Picasso's works during the final years of his life are unabashed in their overt display of eroticism. In few works, including some that are even more graphic, has Picasso depicted the act of love-making as wildly, boldly impassioned and recklessly abandoned than he has here, in a drawing done in the penultimate year of his long career, when he was almost ninety years old. The bodies of the embracing man and woman have become completely intertwined in a ballooning mass of twisted and churning flesh; it takes the viewer a moment to sort out which limb belongs to whom. Both partners' genitalia are in fact visible at lower center, although this is not necessarily the center of attention. Indeed, Picasso's purpose goes beyond mere prurient display or self-indulgent sexual fantasy. John Richardson, Picasso's biographer, has written: "Picasso's sexual powers may have waned--impotence is thought to have set in around his eightieth year--but sex was still very much on his mind. 'We [Picasso and his wife Jacqueline] don't do it any more, but the desire is still with us', he told Brassaï. To compensate for his loss of libido, Picasso came to see sex and art, the brothel and the studio, as metaphors for each other--the sexual act standing for the creative act, and vice-versa. Hence the explicitly erotic nature of so many of these late drawings" (in the introduction to Christie's, New York, sale catalogue Cavaliers and Courtesans: A Collection of Picasso Master Drawings, 19 November 1998, p. 7).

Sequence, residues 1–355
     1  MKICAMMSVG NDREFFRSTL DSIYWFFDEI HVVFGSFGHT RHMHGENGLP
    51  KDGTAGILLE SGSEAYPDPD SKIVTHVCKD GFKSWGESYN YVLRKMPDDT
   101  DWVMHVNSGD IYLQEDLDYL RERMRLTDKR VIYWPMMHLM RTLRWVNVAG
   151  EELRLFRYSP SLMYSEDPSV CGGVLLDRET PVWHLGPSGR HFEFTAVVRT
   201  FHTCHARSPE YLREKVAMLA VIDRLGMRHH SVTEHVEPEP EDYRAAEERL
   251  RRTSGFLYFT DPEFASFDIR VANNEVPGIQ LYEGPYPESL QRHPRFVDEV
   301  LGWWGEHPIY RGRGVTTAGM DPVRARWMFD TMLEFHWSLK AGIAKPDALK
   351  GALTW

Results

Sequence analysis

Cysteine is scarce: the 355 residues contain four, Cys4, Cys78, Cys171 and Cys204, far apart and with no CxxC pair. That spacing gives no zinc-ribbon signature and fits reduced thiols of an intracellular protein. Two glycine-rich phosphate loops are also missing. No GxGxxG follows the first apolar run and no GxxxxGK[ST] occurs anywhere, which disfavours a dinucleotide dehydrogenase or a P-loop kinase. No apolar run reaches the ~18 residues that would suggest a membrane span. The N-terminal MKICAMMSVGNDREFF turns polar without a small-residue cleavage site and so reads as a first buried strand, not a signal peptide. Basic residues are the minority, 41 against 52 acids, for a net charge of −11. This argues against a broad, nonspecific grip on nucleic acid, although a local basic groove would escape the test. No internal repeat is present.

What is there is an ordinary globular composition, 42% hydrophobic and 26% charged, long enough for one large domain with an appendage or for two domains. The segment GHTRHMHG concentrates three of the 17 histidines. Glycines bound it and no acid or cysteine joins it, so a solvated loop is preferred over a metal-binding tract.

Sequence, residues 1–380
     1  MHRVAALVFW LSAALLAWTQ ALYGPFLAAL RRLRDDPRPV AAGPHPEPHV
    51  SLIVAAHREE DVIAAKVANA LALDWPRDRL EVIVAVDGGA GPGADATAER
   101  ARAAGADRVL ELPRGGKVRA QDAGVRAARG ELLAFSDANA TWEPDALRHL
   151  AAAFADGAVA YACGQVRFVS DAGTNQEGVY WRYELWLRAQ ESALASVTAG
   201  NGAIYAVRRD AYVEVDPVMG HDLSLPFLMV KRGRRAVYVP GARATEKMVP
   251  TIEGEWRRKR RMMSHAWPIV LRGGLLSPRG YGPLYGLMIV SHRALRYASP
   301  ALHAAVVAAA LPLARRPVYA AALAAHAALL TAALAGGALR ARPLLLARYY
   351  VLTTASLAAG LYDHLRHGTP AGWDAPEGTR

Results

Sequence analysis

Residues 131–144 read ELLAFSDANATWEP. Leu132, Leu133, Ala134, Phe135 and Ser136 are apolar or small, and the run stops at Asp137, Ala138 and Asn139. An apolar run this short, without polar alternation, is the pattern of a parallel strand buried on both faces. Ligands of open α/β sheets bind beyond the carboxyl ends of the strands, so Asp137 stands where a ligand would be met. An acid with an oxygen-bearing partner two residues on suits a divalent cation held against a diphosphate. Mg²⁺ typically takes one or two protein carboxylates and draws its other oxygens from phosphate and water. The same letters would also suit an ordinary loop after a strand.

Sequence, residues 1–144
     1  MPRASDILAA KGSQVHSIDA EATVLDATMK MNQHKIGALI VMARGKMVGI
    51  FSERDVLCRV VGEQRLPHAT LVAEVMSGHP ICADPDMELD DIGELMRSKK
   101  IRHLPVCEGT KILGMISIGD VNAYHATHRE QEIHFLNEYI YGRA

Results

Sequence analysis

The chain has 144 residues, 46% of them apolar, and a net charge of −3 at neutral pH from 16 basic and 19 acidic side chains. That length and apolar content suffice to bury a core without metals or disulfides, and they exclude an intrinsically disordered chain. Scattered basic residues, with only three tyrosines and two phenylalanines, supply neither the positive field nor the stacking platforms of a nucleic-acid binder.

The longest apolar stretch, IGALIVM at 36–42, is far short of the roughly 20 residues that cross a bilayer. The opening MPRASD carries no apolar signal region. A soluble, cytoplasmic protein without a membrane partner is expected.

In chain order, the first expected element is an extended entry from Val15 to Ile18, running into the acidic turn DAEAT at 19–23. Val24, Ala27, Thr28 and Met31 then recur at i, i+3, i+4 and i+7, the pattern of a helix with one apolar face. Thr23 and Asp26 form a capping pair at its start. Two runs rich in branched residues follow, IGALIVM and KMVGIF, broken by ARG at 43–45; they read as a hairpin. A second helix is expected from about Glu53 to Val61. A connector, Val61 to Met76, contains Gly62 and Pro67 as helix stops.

Homme et femme marks the juncture of three important inter-related themes in the Picasso's late work: the lovers, the artist and model, and the musketeers. The lovers are the oldest of these subjects in Picasso's oeuvre, going back to the beginning of the century (see lot 124). Apart from certain explicit drawings intended for private viewing, these were usually conceived in a more tender and decorous manner than seen here. The artist and model theme came to preoccupy Picasso much later, initially in a series of 180 drawings that were published in Verve in 1954 (see lot 156), and then in an extensive series of paintings begun in 1963. The musketeer theme was the most recent development of all, evolving out of the introduction of a cavalier/painter into one of the artist and model paintings done in 1963 (Zervos, vol. 23, no. 171). The 17th century cavalier became a subject on its own in 1967-1968, after Picasso reread Dumas' novel The Three Musketeers while convalescing from surgery. The brave, noble and lusty musketeer became Picasso's favorite surrogate in his final years, and the theme served as an opportunity for the artist to explore Baroque painting, including the work of two artists that he was particularly intersted in, Velázquez and Rembrandt. While discussing the above mentioned 1963 cavalier/painter and model painting with his friend Hélène Parmelin, Picasso exclaimed: "It's Rembrandt and Saskia!" (quoted in P. Daix, Picasso: Life and Art, New York, 1993, p. 358), referring to Rembrandt's painting in which the young Dutch artist frolics with his wife (fig. 1).
Picasso's late paintings and drawings were often serial in nature, and following these variations on a theme, one can sometimes detect a loosely narrative thread, from one drawing to the next, or in works done days or even weeks apart. Homme et femme followed a crayon drawing on a same-sized sheet of ochre paper done on 24 January 1971 in which the cavalier/painter is seen drawing his nude model (Zervos, vol. 33, no. 31). In the present drawing, the artist and model have cast aside all propriety and self-restraint, and finally make love. Even the bordello-red color of the sheet proclaims their unbridled lust. In this comic tryst the female model is a mountain-like giantess when compared to the puny figure of the bewigged, cross-eyed and aroused cavalier, suggesting that Picasso, near the end of his long life, would not hesitate to admit that women and love--and, allegorically, art--are realities the artist may attempt to grasp, but are ultimately too enormous and uncontrollable to hold and possess.
(Fig. 1) Rembrandt van Rijn, Rembrandt and Saskia, circa 1635 (coll. Staatliche Kunstsammlungen, Dresden)